Subsequently, a Mercer County grand jury returned a fifteen-count indictment against the petitioner charging him with sexual abuse in the first degree, sexual abuse by a custodian, child abuse by a custodian, child abuse by a custodian resulting in injury, sexual assault in the first degree, and malicious assault. The indictment which was returned on February 15, 2000, named the petitioner's stepchildren as the victims. On March 15, 2000, the petitioner, by counsel, filed a motion to dismiss the indictment based on the plea agreement limiting potential criminal prosecution entered in the abuse and neglect proceeding. In response, the State asserted that the indictment was proper because at the time the agreement was made, the State was unaware of the facts which constituted the basis for the indictment. Thereafter, the circuit court denied the motion to dismiss.

        The petitioner renewed his motion to dismiss on June 2, 2000, and submitted to the circuit court more than 1,600 pages of discovery he received from the State during the abuse and neglect proceeding. The petitioner argued that these documents showed that the State was aware of the facts which constituted the basis for the fifteen-count indictment at the time it entered into the agreement. Again, the circuit court denied the motion to dismiss, and set the matter for trial. The petitioner then filed this petition for a writ of prohibition and/or a writ of mandamus with this Court.

II.

        We begin by noting that “[p]rohibition lies only to restrain inferior courts from proceeding in causes over which they have no jurisdiction, or, in which, having jurisdiction, they are exceeding their legitimate powers and may not be used as a substitute for [a petition for appeal] or certiorari.” Syllabus Point 1, Crawford v. Taylor, 138 W.Va. 207, 75 S.E.2d 370 (1953).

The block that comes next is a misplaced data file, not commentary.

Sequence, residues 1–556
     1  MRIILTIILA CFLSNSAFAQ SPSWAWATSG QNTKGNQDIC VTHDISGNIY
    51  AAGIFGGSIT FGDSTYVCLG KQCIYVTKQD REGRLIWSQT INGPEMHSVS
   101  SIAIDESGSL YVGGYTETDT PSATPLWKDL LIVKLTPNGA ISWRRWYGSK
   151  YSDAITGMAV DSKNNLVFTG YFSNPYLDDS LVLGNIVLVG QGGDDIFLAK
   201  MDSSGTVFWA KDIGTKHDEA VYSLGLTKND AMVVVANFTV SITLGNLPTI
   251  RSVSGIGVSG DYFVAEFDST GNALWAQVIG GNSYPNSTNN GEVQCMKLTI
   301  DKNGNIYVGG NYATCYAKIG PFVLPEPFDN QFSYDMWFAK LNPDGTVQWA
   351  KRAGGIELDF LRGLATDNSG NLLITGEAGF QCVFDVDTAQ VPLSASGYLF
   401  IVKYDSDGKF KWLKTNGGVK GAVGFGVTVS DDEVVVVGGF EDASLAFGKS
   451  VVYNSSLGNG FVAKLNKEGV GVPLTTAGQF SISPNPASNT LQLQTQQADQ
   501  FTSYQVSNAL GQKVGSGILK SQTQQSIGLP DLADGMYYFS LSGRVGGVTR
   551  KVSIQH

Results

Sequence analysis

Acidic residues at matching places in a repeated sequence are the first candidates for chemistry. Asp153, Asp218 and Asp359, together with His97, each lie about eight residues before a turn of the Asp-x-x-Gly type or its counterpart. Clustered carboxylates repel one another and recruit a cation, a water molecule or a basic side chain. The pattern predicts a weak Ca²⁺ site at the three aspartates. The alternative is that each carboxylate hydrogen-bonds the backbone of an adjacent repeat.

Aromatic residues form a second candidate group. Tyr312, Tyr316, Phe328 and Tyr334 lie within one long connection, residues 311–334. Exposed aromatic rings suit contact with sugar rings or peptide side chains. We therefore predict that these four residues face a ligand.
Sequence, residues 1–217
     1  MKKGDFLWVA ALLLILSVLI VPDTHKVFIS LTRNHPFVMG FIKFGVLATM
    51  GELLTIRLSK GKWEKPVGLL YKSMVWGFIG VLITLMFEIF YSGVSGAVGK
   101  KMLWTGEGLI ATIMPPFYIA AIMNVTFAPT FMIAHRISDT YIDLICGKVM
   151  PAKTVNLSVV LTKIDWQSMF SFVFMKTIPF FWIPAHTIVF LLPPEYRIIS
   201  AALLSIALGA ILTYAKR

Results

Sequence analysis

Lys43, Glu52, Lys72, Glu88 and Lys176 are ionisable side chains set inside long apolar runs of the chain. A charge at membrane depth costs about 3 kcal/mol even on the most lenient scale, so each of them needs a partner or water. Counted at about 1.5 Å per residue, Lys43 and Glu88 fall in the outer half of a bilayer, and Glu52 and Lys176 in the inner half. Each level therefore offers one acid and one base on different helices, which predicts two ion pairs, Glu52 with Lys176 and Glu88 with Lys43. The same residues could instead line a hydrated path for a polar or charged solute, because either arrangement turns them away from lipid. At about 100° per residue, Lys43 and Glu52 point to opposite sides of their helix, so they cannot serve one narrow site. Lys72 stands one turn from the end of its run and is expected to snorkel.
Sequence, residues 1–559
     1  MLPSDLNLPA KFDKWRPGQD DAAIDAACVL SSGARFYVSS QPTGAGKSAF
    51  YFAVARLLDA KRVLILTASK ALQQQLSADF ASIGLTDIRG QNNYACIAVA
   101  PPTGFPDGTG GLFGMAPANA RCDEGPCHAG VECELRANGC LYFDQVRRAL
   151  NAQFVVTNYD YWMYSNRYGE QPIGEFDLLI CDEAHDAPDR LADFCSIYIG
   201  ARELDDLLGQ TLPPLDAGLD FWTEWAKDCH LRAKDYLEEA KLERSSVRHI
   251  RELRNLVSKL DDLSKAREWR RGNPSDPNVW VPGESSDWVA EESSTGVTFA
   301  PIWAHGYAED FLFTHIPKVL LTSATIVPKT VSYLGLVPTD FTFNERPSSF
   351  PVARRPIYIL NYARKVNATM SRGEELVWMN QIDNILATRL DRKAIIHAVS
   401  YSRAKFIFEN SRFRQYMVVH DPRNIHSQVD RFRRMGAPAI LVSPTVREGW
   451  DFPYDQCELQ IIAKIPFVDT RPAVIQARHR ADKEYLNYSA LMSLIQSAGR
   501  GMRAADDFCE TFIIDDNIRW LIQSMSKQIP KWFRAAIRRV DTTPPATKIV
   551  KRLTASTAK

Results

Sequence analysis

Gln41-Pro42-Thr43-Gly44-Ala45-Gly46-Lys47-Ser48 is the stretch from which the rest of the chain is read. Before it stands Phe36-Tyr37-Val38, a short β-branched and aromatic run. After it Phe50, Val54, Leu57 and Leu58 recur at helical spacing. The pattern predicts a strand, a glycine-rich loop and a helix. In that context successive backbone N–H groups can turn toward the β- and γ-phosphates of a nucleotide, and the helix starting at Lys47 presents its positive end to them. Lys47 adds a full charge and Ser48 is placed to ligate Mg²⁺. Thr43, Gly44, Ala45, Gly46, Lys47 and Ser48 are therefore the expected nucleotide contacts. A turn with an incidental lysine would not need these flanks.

In determining whether to entertain and issue the writ of prohibition for cases not involving an absence of jurisdiction but only where it is claimed that the lower tribunal exceeded its legitimate powers, this Court will examine five factors: (1) whether the party seeking the writ has no other adequate means, such as direct appeal, to obtain the desired relief; (2) whether the petitioner will be damaged or prejudiced in a way that is not correctable on appeal; (3) whether the lower tribunal's order is clearly erroneous as a matter of law; (4) whether the lower tribunal's order is an oft repeated error or manifests persistent disregard for either procedural or substantive law; and (5) whether the lower tribunal's order raises new and important problems or issues of law of first impression. These factors are general guidelines that serve as a useful starting point for determining whether a discretionary writ of prohibition should issue. Although all five factors need not be satisfied, it is clear that the third factor, the existence of clear error as a matter of law, should be given substantial weight.